OBJECTIVE: To analyze the prevalence of cigarette smoking in individuals with severe mental illnesses in a large urban centre of a middle income country. METHODS: Cross-sectional study carried out in São Paulo. The sample (N=192) comprised individuals diagnosed with severe mental illnesses who had contact with public psychiatric care services from September to November 1997 and were aged between 18 and 65 years. Prevalence of daily tobacco smoking in the 12 months previous to the interview and characteristics associated were studied. RESULTS: Out of 192 subjects with severe mental illnesses interviewed, 115 (59.9%; 95% CI: 52.6%; 66.9%) reported smoking cigarettes on a daily basis. Male gender, marital status separated or widowed, irregular use of neuroleptic drugs and history of ten or more psychiatric admissions were independently associated with cigarette smoking. CONCLUSIONS: The prevalence of cigarette smoking in the present sample was higher than that found in the general Brazilian population. Mental care services should implement non-smoking policies and mental health providers need to help patients with severe mental illness who want to quit smoking.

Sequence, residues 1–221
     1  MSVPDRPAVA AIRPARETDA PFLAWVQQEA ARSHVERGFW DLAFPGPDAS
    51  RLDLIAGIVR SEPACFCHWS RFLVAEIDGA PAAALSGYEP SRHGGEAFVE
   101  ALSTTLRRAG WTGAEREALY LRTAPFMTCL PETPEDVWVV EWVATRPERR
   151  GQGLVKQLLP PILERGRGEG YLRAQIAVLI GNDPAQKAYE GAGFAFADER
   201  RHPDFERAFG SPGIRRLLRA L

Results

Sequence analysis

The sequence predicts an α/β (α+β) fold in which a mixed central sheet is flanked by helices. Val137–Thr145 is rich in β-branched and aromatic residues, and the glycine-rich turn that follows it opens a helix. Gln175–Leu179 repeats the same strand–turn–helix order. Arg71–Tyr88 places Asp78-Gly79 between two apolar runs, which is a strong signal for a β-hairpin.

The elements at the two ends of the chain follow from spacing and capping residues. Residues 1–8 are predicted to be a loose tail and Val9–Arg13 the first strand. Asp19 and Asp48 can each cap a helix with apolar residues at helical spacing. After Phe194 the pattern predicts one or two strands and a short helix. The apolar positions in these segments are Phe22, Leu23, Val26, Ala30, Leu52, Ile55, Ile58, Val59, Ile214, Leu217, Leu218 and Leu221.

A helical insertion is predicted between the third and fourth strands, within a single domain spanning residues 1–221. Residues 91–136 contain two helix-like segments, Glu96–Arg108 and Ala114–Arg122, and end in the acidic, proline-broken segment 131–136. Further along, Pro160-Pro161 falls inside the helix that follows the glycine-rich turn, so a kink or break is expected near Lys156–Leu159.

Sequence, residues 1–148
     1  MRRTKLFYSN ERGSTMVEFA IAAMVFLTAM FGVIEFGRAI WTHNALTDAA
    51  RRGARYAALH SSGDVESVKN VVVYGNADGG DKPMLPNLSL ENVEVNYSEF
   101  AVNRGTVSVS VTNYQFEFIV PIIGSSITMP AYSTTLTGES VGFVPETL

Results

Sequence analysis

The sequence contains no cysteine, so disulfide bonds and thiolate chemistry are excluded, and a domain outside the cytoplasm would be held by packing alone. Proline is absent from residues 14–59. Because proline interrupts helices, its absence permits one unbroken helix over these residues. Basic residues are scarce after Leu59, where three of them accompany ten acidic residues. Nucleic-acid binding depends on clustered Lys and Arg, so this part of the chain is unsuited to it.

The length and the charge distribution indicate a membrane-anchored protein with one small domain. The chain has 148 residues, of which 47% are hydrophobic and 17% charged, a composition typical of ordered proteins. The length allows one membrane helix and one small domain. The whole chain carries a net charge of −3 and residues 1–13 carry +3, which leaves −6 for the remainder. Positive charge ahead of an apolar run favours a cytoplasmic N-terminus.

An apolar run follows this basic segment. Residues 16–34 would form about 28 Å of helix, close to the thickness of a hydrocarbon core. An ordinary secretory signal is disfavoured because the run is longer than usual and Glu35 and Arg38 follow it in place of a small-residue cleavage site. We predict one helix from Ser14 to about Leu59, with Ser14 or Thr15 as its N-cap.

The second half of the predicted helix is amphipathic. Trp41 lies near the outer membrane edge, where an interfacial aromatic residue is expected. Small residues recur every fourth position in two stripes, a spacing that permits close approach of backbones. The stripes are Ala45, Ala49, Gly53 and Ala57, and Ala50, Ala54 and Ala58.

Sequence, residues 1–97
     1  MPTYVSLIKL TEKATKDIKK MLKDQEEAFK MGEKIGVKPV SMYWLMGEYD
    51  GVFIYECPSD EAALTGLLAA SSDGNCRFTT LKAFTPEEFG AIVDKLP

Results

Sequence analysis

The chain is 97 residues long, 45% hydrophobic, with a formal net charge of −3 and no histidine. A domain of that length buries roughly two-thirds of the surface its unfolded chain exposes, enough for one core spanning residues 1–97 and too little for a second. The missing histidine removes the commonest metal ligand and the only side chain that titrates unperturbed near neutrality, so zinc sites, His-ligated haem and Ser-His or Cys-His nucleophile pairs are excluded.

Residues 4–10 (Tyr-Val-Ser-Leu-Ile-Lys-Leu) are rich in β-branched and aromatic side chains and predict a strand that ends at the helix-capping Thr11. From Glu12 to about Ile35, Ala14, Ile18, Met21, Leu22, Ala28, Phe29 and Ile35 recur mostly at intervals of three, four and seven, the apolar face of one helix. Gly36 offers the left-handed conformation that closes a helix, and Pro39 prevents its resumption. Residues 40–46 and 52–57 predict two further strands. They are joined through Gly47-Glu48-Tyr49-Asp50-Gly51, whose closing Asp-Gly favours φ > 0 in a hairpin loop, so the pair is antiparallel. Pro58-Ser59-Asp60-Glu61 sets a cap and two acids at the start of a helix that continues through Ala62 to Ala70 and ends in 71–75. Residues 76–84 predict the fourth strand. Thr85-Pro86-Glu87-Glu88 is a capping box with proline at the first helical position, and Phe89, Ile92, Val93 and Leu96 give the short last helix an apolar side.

Mentally ill persons; Diagnosis, dual; Mental disorders; Tobacco use disorder; Mental health services; Cross-sectional studies